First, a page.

Dave Jordano completed a BFA in photography from the Center for Creative Studies in Detroit in 1974. In 1977 he established a photography studio in Chicago, shooting major print campaigns for national advertising agencies. Jordano’s work has been exhibited nationally and internationally in museums and galleries, including the Chicago Cultural Center (solo exhibition); Michael Mazzeo Gallery, New York; the Milwaukee Institute of Art and Design; the Detroit Center for Contemporary Photography; and the Art Gallery of Ontario, Toronto Canada.
In 2015 Jordano was awarded the $50,000 Canadian AIMIA AGO prize for photography. Recent publications of Jordano’s work include Articles of Faith: African-American Community Churches of Chicago (2009), Detroit: Unbroken down (2015), and A Detroit Nocturne (2018). His work is held in several permanent collections, most notably the Museum of Fine Arts, Boston, the Museum of Fine Arts, Houston, the Detroit Institute of Arts, the Cleveland Museum of Art, the Library of Congress, Washington D.C., the Museum of Contemporary Photography, Chicago, and the Mary and Leigh Block Museum of Art at Northwestern University in Evanston, IL.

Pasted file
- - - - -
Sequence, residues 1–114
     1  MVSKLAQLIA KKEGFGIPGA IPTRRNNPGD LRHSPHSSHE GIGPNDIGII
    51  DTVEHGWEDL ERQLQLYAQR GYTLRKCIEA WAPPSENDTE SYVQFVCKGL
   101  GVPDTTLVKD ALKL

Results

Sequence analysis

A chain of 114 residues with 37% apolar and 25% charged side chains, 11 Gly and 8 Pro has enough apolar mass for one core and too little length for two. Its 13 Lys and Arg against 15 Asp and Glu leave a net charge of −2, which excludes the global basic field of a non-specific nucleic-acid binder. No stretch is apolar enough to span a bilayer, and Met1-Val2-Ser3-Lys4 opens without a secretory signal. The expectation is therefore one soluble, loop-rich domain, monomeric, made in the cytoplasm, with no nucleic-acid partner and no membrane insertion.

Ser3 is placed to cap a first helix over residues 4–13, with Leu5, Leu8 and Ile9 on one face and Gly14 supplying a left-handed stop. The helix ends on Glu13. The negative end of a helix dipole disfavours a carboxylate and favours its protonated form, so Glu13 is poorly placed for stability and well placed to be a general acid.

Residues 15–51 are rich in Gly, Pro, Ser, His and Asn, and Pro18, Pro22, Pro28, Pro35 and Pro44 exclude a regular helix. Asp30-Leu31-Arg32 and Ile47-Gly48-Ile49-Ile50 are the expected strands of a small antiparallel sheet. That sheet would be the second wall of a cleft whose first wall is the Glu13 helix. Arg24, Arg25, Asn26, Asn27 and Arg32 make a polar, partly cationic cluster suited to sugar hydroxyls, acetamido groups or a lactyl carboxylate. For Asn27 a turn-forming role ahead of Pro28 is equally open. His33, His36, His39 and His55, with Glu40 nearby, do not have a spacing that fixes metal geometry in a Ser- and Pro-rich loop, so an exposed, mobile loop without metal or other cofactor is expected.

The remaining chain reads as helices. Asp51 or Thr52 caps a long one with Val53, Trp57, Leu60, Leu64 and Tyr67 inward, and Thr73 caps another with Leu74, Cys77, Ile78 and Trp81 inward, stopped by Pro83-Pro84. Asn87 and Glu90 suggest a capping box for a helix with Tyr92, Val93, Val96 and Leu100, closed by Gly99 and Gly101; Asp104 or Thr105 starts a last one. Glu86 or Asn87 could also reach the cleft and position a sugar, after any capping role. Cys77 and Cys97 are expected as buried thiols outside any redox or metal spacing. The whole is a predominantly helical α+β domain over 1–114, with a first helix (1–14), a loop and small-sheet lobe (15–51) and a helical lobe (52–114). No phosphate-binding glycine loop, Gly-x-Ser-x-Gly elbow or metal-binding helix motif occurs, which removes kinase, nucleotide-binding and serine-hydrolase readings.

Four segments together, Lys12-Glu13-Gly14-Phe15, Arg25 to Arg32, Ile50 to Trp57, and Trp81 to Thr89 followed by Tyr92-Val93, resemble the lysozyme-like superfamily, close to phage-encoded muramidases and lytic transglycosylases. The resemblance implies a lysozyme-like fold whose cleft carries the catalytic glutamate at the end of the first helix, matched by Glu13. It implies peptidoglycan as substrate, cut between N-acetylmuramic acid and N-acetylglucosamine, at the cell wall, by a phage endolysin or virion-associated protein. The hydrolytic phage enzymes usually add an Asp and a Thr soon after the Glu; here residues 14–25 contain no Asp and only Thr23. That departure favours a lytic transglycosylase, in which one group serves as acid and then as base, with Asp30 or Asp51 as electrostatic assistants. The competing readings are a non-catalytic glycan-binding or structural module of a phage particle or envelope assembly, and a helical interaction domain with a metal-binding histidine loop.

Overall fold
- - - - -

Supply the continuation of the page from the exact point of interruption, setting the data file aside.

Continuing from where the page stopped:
This recent work is an extension of the long term night photography project I started in Detroit in 2016, resulting in my published book in 2018 titled “A Detroit Nocturne”. I’ve now expanded it to other Midwestern rust-belt cities and rural towns.
Photographing at night opens up a whole new spectrum of possibilities for documenting urban and rural cities. There is often a dreamy, surreal quality to the scene that you seldom experience during daylight hours that captivates my imagination and drives my interest. I’ve chosen to make these images at night not only to put more emphasis on their locale by presenting them in an unfamiliar light, but also to introduce a moment of quiet and calm reflection.
I photograph mostly structures within urban and rural communities. These structures are an integral part of the living fabric of the cities where residents rely on their existence to feed, cloth, support, and employ themselves and others. They're an essential part of the economic machine that drives the city and gives support to all of the different communities. These are after all the physical evidence of where we have carved out our collective ambitions and lived out our dreams.